« Reply #205 on: November 05, 2011, 07:25:30 PM »
Michael, now I'm drooling.  Love the Vizner 7117!  Though I certainly wouldn't complain if I had one in azur, I prefer darker, more 'manly' colours -- but a great piece anyway.  Lucky, lucky fellow!
My Etsy shop with Czech glass: CzechGlassCollector


Offline Jindra8526

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Re: My Skrdlovice collection is growing nicely...
« Reply #206 on: November 05, 2011, 10:51:46 PM »
Hi David.
I will put my eye to this issue. However, I will revert your question. I suppose that more likely had Sarpaneva chance to see Emanuel Beranek work. When you will go back to history, you will discover that "scandinavian" glassmaking had been grounded by Bohemian expats in 19th century.

Emanuel had no desire and motivation to copy somebody else, he was noname worker, lost eveything, living his life in love with glass becouse he had lost everything. I am strongly omitting consideration about inspiration or influence from Scandinavia (or Murano) to Emanuel.

Countries without glassmaking tradition were influenced by Bohemian glass rather.

In 60ties it had been changed, but not in 50ties and Emanuel.

Jindrich
www.cs-glass.cz


Offline rocco

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Re: My Skrdlovice collection is growing nicely...
« Reply #207 on: November 07, 2011, 03:18:47 PM »
Thanks Anik for you comment! :hi:
Skrdovlice pieces like this really can be appreciated best when handled -- it is so massive and weighs a ton. (BTW, even the red Jezek vase which isn't that massive,weighs almost 2 kg).
I am quite fond of the Azur; it seems to be a signature colour for Vizner and Skrdlovice from the late 1960s/ early 1970s...

Quote
I've been going through the Skrdlovice patterns this week matching up pattern numbers to my Skrdlovice collection, and I realized how little of the Skrdlovice production I was familiar with, particularly patterns from the 60 and 70's.  I wonder if it's a question pf them not being in the Mark Hill's book. But then again, they don't seem to turn up in the Sypka catalogues either.  Are there a few pieces that were made in very limited production runs?
A very interesting question from David; I have been wondering the same.
Perhaps Robert and Jindrich know if many designs were only produced in limited numbers, or just for one season?
Is there some sort of record how many pieces from a range were produced, or how long?

Thanks!
Michael


Offline bOBA

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Re: My Skrdlovice collection is growing nicely...
« Reply #208 on: November 07, 2011, 04:44:06 PM »
Hi Michel, lovely azur "pineapple" vase by Vizner. Azur is one of my favourite colourways and as you say late 60's early 70's it was very popular as a colourway and can be an indicator of production date to some extent. Jindrich may have more to say on use of Azur at Skrdlovice, having discussed this era of design with Mr Vizner himself on several occasions and having seen later Beranek Glass production at first hand etc... In the 50's there are some colourways that were very short lived. Rosalin or pure salmon pink seems to have been almost entirely 55 and 56 for example. More research has to be done in this area but patterns do form over time. One interesting thing about ebay is how reliable the secondary market is regarding production and historic exports. It is quite clear from this that one of the major importers of Skrdlovice c. 1955-1963 was Canada. Also, regarding rare items or small production runs, quite clearly some items appear regularly, indicating quite large scale production runs and some quite rarely or perhaps once, probably indicating smaller runs. The pattern books do give some indication of initial runs, sometimes specifying in the opening pages "up to a thousand pieces" this is quite common in the fifties. However, this is only true for the initial run and in following years they sometimes made many more. So, in the late 60's and early 70's patterns where it says 1200 pieces I would not at all take it as gospel since some of these are the most common patterns we find. However, some of these, because they are rarely seen, almost certainly were made in 1200 and no more. Beyond this, it is hard to be more precise without trying to talk to someone like Svoboda and going through the books and his memories page by page (which may well be worth doing). In the mean time, I attach some recent purchases, not very good photos, I'm afraid, I am experimenting with a new set up, that needs organising. One piece is a 1953 Labut-Svicen (swan-candle holder) by Veliskova. This colourway seems to have been 53-58. This seems quite a scarce thing which is a surprise, I would have thought a swan, with a free candle holder, would have been a best seller!!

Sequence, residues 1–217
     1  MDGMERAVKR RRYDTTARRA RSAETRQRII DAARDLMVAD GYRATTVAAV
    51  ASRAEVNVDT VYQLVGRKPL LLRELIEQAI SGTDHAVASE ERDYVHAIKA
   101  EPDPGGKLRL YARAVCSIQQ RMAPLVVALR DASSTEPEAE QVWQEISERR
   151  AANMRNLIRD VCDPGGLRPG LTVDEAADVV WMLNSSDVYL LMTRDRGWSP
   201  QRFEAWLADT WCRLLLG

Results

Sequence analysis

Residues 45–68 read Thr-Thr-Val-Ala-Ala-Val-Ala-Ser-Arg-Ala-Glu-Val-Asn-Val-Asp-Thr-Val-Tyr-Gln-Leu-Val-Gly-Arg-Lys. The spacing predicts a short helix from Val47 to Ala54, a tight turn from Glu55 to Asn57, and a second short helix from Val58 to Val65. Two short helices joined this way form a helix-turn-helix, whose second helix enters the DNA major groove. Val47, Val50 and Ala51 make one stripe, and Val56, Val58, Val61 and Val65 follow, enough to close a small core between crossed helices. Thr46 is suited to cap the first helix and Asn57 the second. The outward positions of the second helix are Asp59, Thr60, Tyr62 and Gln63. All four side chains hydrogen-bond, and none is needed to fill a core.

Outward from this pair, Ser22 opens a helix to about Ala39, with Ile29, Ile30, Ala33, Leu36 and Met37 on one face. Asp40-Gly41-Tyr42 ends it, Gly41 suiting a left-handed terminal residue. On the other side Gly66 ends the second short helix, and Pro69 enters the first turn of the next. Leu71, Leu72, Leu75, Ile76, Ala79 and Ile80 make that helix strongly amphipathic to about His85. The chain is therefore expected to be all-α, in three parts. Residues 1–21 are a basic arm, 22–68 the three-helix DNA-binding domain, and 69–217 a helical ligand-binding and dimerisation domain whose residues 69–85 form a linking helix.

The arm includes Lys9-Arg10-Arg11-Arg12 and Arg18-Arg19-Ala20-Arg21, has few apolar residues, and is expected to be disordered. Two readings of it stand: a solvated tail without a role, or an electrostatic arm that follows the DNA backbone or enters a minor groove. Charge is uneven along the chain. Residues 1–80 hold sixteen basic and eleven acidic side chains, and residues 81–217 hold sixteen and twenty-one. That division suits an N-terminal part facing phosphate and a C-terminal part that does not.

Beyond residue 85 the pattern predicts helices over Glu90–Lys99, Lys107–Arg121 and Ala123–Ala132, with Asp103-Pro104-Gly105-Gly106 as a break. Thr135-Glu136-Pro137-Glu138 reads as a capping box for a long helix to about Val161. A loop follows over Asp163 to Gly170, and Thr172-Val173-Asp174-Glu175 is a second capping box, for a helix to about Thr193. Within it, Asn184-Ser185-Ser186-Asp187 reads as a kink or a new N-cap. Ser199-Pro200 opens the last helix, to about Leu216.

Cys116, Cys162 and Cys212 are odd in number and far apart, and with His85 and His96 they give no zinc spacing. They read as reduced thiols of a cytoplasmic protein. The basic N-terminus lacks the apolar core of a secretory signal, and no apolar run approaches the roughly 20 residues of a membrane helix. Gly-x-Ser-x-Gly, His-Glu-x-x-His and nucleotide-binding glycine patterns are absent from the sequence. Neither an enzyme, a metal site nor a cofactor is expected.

The other piece is an Emanuel Beranek piece with four holes, weighing about 2KG and from memory is 1959, showing how far away from Sarpaneva orchid type vases his own experiments and designs took him. Ricke and Digrin seem very uncharitable in suggesting his efforts were just to make more apertures than Sarpaneva, after all, Emanuel Beranek was a glass designer as well as master blower and this piece does not look anything like a vase from Scandinavia.


Robert (bOBA)


 


Offline Anik R

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Re: My Skrdlovice collection is growing nicely...
« Reply #209 on: November 07, 2011, 07:00:08 PM »
I'm afraid I haven't been very perceptive.  I never noticed that Azur was a popular Skrdlovice colourway in the late 60s / early 70s.

Robert, though I greatly dislike any type of glass swan, I am smitten with your candleholder. What a fantastic piece in every respect.  

Edited to add:  Michael, I'm impressed that the 7927 weighs so much -- it's deceptive. I'm liking it more and more.
My Etsy shop with Czech glass: CzechGlassCollector